The Twelve Days of Fitmas: 8

“Being Excellent at Life”

Triathlete Magazine has got some great advice for training in the off-season.  And when I say “great,” I mean “totally doable.”  Essentially, they’re letting us know that the off-season is actually NOT for loading up on exorbitant amounts of distance training, which was particularly interesting to me since that’s exactly the training plan I’ve laid out for myself.  See, when people say “Who do you train with?” and I say “Just by myself,” I realize that I shouldn’t be saying that with any pride at all.  In a shocking twist, I actually have no idea what I’m doing.

Thankfully, Triathlete Magazine tweeted the straight dope, and now I’m back on track to “being excellent at life.”  That’s what coach Patrick McCrann of Endurance Nation tells his athletes to do during the off-season.  Train harder but shorter, and use the extra time to invest in other areas of your life like (and this is me talking here, not McCrann) perfecting the Hot Toddy, making sugarplum less of a dream and more of a reality, and setting a Christmas Movie Marathon PR (Christmas Vacation, Love Actually, and White Christmas in one night.  Where’s my medal?).

Training Naughty: The Coal Approach

I originally set up a standard training plan that increased distance incrementally each week.  I started the plan in November, and so now, late in December, the distances are getting longer in all three disciplines.  This means each workout is an hour (often more for runs, and often MUCH more for rides) and there are frequently two workouts a day.  Normally I’d say, “Who has time for that?” but in the wake of holiday shopping, wrapping, DIY-ing, list-making, baking, packing, and furiously hitting, I’m escalating it to “Who in the HELL has time for that?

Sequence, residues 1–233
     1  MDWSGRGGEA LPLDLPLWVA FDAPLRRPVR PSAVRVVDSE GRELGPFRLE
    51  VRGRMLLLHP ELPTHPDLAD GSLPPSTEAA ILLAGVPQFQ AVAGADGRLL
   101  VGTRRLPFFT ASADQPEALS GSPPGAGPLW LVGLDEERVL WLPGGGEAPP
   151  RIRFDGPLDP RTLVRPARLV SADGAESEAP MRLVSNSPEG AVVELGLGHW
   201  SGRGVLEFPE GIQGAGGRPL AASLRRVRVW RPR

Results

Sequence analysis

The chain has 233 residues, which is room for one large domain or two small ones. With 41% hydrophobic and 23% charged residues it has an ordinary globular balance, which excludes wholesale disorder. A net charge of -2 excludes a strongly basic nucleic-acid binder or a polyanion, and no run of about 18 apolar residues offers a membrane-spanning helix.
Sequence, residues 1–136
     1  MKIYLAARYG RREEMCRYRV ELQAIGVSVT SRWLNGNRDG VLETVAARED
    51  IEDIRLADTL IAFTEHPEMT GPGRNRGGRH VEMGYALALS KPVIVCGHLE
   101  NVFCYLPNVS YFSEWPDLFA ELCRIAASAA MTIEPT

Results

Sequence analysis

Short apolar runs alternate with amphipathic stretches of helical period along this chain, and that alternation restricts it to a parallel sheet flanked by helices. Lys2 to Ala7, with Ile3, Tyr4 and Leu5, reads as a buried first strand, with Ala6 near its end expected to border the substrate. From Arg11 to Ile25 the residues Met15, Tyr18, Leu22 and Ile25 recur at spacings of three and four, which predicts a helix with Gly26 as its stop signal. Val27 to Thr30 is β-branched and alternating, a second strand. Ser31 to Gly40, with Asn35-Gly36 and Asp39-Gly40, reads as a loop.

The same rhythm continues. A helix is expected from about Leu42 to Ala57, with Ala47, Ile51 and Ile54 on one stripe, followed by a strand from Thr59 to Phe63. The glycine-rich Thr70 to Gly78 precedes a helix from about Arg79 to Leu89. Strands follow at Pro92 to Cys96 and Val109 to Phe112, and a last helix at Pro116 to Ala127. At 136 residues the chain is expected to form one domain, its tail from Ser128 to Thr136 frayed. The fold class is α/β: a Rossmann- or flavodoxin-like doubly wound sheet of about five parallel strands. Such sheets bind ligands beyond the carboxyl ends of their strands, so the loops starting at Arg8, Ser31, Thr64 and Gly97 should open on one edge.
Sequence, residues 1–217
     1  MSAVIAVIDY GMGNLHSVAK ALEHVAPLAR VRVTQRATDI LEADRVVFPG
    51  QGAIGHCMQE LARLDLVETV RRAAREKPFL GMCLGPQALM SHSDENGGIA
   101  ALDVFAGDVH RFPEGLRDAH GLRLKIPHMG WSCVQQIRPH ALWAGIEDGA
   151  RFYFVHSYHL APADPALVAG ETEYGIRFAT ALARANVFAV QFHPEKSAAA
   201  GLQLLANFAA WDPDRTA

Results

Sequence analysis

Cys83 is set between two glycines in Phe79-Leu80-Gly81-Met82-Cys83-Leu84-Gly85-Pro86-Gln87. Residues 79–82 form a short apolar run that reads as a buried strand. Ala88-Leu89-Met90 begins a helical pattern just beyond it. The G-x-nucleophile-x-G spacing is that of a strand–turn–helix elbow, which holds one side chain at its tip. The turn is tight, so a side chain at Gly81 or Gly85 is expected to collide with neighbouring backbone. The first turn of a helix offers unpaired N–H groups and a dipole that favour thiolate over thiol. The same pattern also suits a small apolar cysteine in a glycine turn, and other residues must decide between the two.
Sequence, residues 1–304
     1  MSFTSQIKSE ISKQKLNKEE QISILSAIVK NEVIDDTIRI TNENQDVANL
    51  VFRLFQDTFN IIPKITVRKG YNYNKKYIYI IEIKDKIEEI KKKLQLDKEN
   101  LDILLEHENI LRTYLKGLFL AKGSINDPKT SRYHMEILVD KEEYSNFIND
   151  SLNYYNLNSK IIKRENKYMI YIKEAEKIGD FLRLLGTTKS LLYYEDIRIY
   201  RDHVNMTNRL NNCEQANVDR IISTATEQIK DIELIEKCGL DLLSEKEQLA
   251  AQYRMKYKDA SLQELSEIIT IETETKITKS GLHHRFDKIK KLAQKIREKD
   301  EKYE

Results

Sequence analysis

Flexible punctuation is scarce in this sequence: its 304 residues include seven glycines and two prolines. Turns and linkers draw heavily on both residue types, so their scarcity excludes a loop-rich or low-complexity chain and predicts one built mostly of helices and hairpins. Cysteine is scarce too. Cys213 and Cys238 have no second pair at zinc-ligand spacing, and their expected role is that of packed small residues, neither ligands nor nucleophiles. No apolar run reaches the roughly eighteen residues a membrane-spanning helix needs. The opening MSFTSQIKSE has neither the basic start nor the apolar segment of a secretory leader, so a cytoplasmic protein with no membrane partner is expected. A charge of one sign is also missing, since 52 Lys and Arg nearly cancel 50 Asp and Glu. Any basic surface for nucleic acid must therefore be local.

Jacked From: via Pinterest
Jacked From: via Pinterest

It’s a rigorous schedule for any time of year, but at the holidays, it’s not even really do-able.  All I’ve managed to do is not maintain the training schedule, but still adhere faithfully to the rigors of the guilt grind thinking: “You’ll be hating these two hours you spent wrapping gifts in front of Love Actually when you’re forced to stop and walk the last six miles in the Half Ironman.”  I’ve even found myself looking at my trip home to visit family as a perfect time to catch up on long workouts by, you know, not spending any time with family.  What’s happened to my focus, here?

Training Nice: The Hop-a-long Boots Approach

Rather than just pile on minutes and miles, I should be using the time I have to do speed work.  Maxing out effort over shorter time is proven to increase speed and overall performance more than just gutting out endless miles.  For one, you’re able to maintain proper form, which is always a plus.  Also, getting faster is good, too, so I am told.  (It’s not at all lost on me that faster than not-at-all-fast is still not really “fast.”  I’m talking about improvement, here, folks.  Fast-ER.)

In addition to being better for racing, it’s also better for being a person, too.  Tough to believe that one plan can help you be a better athlete AND a better person, but according to Triathlete Magazine, it’s not only possible, it’s the EASIER route.  Do I smell another Christmas Miracle?  Austin Fit Magazine included a piece this month called The Triathlete’s Gift Guide breaking down gear that’s good for starter athletes and for more advanced athletes, but also suggesting a great gift for triathletes to GIVE: their time.  The piece acknowledges that being a triathlete means bagging on late Fridays with co-workers in order to be fresh for Saturday morning shop rides, skipping Sunday brunch with the ladies in favor of a long run, and ducking out of shopping trips that don’t stop at the bike store (or Lululemon).

Jacked From: via Pinterest
Jacked From: via Pinterest

It’s not that I necessarily think my time is an appropriate gift to anyone else, but I do think it’s important to use as much time as possible to be present (see that?) this holiday season: with friends, with family, and just generally in the moment.  So I’m heeding McCrann’s advice by stepping up intensity and ramping down on distance in hopes of being only ever-so-slightly excellent at life.  One last thought: He also OKs packing on a few extra pounds.

I’m a success already!


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